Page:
"SHELLY!" The woman screams. Henry has had enough and fires a flaming crossbow bolt from across the room through the window at the little girl. Unfortunately he rolls a 1 and hits the man in the leg instead. His pant leg catches fire. The woman frantically opens the front door and bolts outside. Bob tried to tackle her down but is too slow. She flees into the night and Bob locks the door again. The man puts out his flaming leg and Frye wraps his crispy leg. He asks to be laid down on a bench. Henry pulls the bench from the window and puts it infront of the fire.

The candles lighting the room suddenly flicker and dim as a crash is heard from the back door; sounds of a horse kicking the wooden door. Frye pushes a bookshelf in front of the hallway leading to the back of the house, barricading themselves in the front room. The fire in the fireplace begins to go out. Seeing some kindling near the front window, Bob takes a fire-poker and tries to finagle a log from a safe distance from the window. He successfully retrieves a log and as he confidently turns around the undead boy leaps through the window and grabs Bob. Bob falls backward on top of the boy, releasing himself and then rolling over. The boy jumps up and dangles off the floor like a puppet with unseen strings.
Henry slices into the boy's head, and It tries to attack Henry back with its claws, which scrap harmlessly against his shiny new armor. Frye fires a musket-pistol under its chin. The deadite boy falls limp. They stab it through the heart to be sure it's dead. Henry is astounded by Frye's fire-stick, and Frye responds by refering to Bob's magic light device.

The man asks what is going on, and the party assures him it's nothing. There's a knock at the door and the woman's voice pleads, "Sam, please let me in. I found Shelly." The party refuses to open the door and instead Henry punches Sam in the head, knocking him unconscious. The check his pulse to be sure he's still among the living. The rest of the candles go out, leaving only a lantern near the front door, and the other unbroken window.
Bob cautiously goes for the lantern, but is again grabbed by a deadite crashing through the window, this time it's the woman. After the group fends her off, she escapes through the window.
The cabin quiets down and bob takes out a chemistry set to mix something flammable to feed the dwindling flame in the lantern. As the room briefly fills with light the group sees the little girl in a shadowy corner of the room. Henry runs over and rolls a 1, tripping over the lantern and extinguishing the last light source. Frye [who has a 'reckless' Quality] grabs Bob's iphone and throws the glowing thing at where the girl was. The girl catches it in the air, and points it at the party. They can only see the light source and not their tormentor.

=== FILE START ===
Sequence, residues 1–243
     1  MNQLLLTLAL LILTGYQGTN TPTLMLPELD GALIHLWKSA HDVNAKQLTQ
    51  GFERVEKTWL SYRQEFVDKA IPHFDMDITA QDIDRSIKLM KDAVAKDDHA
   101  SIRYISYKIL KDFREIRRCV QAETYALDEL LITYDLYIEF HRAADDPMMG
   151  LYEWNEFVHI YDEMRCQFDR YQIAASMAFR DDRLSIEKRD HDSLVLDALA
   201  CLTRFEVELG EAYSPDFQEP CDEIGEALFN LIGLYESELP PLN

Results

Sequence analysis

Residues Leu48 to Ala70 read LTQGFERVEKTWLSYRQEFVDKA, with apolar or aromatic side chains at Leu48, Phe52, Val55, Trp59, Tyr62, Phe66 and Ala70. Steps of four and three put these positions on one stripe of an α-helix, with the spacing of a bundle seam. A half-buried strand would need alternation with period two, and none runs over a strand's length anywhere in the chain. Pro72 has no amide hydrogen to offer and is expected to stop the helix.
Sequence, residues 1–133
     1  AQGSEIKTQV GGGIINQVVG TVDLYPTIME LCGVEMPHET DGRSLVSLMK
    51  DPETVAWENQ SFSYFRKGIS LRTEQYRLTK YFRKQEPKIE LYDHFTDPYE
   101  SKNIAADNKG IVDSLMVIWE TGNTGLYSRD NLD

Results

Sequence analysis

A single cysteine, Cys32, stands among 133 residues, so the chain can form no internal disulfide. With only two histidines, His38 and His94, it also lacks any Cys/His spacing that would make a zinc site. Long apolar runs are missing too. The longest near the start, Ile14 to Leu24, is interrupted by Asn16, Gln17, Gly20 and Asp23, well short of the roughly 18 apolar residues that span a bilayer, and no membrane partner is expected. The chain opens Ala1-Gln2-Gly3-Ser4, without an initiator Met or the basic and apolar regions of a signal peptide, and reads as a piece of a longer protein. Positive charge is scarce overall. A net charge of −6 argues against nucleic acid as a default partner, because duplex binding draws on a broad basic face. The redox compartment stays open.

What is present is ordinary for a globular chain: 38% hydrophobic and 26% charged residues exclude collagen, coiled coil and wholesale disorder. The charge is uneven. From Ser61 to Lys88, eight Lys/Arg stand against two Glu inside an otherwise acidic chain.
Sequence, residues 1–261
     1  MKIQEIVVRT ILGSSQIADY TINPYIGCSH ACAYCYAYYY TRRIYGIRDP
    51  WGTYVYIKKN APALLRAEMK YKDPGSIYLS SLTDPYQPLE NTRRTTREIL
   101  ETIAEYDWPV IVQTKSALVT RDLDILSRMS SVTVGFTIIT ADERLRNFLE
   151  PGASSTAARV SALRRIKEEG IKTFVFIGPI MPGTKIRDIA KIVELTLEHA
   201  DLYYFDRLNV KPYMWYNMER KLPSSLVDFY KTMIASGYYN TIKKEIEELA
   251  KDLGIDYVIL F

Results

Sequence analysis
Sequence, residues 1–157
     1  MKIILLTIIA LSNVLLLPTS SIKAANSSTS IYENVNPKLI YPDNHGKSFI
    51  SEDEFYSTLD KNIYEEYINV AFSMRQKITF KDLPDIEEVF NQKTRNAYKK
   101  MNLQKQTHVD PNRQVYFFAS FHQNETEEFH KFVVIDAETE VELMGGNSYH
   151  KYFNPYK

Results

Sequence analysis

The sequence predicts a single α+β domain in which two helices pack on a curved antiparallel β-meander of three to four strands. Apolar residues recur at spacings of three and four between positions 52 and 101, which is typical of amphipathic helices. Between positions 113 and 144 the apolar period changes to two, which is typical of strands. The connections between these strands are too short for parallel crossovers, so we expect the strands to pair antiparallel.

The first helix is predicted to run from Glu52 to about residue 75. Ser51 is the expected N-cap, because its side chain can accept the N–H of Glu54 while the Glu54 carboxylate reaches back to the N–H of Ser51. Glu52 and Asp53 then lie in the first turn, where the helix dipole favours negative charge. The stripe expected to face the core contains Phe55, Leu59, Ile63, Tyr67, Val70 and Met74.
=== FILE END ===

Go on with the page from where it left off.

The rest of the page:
"We're gonna get you... time to go to sleeeep... not another peeeep... we're gonna get you..." The girl taunts them. Frye is frozen in terror.
The bookshelf slams to the floor as the hallway becomes un-barricaded. Frye fires blindly into the hallway, [with a natural 10] shoots the woman in the torso, which he can see from the flash of his gun firing. The iphone has gone dark. Bob takes the gun and tries to shoot the lantern, which he assumes has spilled oil on the floor. He misses. Instead, they grab the flint and steel they find near the fireplace. Knocking over Sam, Henry flips the bench over and breaks off the legs. They tear the cloths off Henry and wrap the wooden clubs to make torches. The room is lit, and empty. They get the fireplace going again. Bob pours flammable liquid on the floor making a small perimeter around themselves and Sam. Hours pass.

Sam's burnt leg trembles and black veins snake from under his bandage, reaching across his body. With a new found fireaxe Bob and Henry go to chop off the offending leg, but Sam rockets from the floor and marionettes above them. Henry slices at its neck [reducing it to -100 Life Points] and decapitates the Sam-Deadite. Sam's head flies over to the other side of the room. They burn the body and wait for dawn, which comes without event.

The doorknob turns. The door slowly opens with a loud creak. Nothing comes through. There is no sound. Henry grabs Bob, picks him up, and tosses him in front of the doorway to see what's outside. Landing badly, Bob sees nothing. The party warily goes outside and wanders through the woods. As they navigate the shifty forest, the trees begin to animate and grab Bob [who rolls a few 1s and then fails a save throw] with vines. Two large branches wrap around his body and pull him at tremendous speed into a solid tree trunk [nearly taking all his Life Points]. Henry rushes over and chops away the moving tree parts, freeing Bob.

A few hours later they emerge from the Misty Forest and are greeted by the bright rising sun and dozens of Arthur's warriors. Mounted horsemen ride towards them, led by Arthur. Arthur points to the back of his band to Henry's men in chains, and tells Henry to surrender. Henry doesn't go without quarrel. Arthur positions his men around the group.
Bob speaks up, "Arthur? ...Pendragon?" At this, an elderly man in a dark cloak and long white beard steps out from behind Arthur, "My Lord Arthur, I believe he is the Promised One, written of in the Necronomicon."